NY's Hasidic Community Continues to Attend Funerals Despite Virus Warnings - The Jewish Voice
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Wednesday, September 28, 2022

NY’s Hasidic Community Continues to Attend Funerals Despite Virus Warnings

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There is irony in the fact that Hasidic Jews who continue to hold public weddings and funerals in Brooklyn despite the coronavirus pandemic are themselves breaking Jewish law, which states that Jews must uphold the laws of the countries in which they reside.

 

Case in point: several hundred Hasidim turned out for the very public funeral for a local rabbi, Tzvi Hirsh Meislish. Crowds of mourners took to the streets Sunday night at Hewes Street near Marcy Avenue in Williamsburg.

 

Meislish, 80, reportedly was another victim of COVID-19, which also serves to underscore the irony.

 

Police, of course, responded the way police always do, breaking up the assemblage with sirens and blasting social distancing messages from PA systems. To the NYPD’s credit, officers refrained from making arrests or handing out citations.

 

“The NYPD needs all New Yorkers to cooperate with the ban on social gatherings in order to stop the spread of the COVID-19 virus,” a police spokesperson told the New York Post. “It is important to note that the vast majority are following all guidelines. The NYPD will continue to enforce social distancing and any large gathering — including services — put both members of the public and officers at risk. These gatherings must cease immediately.”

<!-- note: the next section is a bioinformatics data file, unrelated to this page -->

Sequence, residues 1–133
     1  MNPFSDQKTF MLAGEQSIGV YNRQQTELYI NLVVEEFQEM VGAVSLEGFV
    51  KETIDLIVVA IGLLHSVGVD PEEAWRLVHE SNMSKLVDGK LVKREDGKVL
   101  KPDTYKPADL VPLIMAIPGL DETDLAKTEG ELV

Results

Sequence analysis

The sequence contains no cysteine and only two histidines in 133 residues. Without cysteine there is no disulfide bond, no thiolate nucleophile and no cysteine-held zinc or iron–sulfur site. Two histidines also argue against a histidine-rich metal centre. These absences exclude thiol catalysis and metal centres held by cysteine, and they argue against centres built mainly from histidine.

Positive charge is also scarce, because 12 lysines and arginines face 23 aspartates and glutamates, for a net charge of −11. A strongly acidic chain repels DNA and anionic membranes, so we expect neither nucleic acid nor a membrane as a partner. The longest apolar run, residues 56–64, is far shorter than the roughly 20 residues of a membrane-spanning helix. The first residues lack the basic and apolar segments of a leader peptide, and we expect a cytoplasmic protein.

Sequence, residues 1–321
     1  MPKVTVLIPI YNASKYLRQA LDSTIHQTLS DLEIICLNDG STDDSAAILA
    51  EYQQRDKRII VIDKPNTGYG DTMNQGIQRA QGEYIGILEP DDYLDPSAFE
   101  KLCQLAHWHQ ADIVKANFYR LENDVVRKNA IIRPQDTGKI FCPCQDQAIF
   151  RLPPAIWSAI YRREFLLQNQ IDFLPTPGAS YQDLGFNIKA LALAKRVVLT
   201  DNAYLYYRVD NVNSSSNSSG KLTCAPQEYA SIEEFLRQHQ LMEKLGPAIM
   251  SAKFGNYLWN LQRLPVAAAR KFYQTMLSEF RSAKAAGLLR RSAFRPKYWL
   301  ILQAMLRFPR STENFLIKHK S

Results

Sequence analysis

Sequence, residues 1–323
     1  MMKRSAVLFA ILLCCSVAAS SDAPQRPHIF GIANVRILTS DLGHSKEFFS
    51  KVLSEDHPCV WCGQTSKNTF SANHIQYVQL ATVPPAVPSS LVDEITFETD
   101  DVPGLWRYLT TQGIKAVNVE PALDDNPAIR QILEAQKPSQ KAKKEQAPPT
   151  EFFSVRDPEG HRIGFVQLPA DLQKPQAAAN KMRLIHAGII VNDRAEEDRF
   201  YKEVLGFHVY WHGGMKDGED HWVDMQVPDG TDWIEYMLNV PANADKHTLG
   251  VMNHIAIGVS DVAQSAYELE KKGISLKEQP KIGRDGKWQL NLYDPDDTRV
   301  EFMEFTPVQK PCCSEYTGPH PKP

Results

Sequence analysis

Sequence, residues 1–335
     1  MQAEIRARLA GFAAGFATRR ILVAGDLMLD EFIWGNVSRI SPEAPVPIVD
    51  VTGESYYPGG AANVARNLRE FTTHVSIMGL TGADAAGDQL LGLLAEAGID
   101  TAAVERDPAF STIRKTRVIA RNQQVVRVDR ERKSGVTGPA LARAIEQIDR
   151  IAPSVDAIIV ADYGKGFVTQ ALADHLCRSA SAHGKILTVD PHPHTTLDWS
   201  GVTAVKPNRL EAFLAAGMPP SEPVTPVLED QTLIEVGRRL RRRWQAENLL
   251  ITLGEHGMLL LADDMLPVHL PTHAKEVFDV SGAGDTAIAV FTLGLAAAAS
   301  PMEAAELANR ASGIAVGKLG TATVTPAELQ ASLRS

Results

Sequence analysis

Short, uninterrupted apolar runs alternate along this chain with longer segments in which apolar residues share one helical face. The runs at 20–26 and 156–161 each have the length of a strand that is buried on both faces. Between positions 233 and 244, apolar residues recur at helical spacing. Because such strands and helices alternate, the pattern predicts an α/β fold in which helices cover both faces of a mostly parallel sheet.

Instances such as this are also causing rifts in the Orthodox community. “Some of Brooklyn’s ultra-Orthodox leaders are demanding an end to ongoing prayer services, funeral processions, and other illicit gatherings in parts of the community, as COVID-19 continues to rip through the tight-knit religious neighborhoods at disproportionate rates,” noted gothamist.com. “Frustrated by what they say is a continued dismissal of the threat of the virus, some members of the community have taken it upon themselves to ensure compliance from their neighbors. On Saturday, Dr. Stuart Ditcheck, a physician at NYU, called the police on the Chabad of Marine Park, one of the few synagogues that’s remained open in that section of Brooklyn.”

 

Such behavior is also causing theological arguments, with the long-held belief that leading a Torah life can protect individual Jews from harm is being hotly debated. The web site rationalistjudaism.com recently discussed Jews ignoring shelter-in-place orders in Israel and noted: “It’s horrific. A top health official estimated that nearly 40 percent of the ultra-Orthodox city of Bnei Brak – around seventy-five thousand people – have contracted coronavirus. Per capita, its infection numbers are four times higher than the next most infected city, Jerusalem. The government met last night to approve a full, military-enforced closure on Bnei Brak… It’s a shocking thing for believers in Daas Torah to accept. It’s not just that Torah turns out not to protect against coronavirus. It’s that the mouthpieces of Torah, the living embodiments of Torah, the guiding lights of the community, gave utterly disastrous guidance, with fatal consequences.”

 

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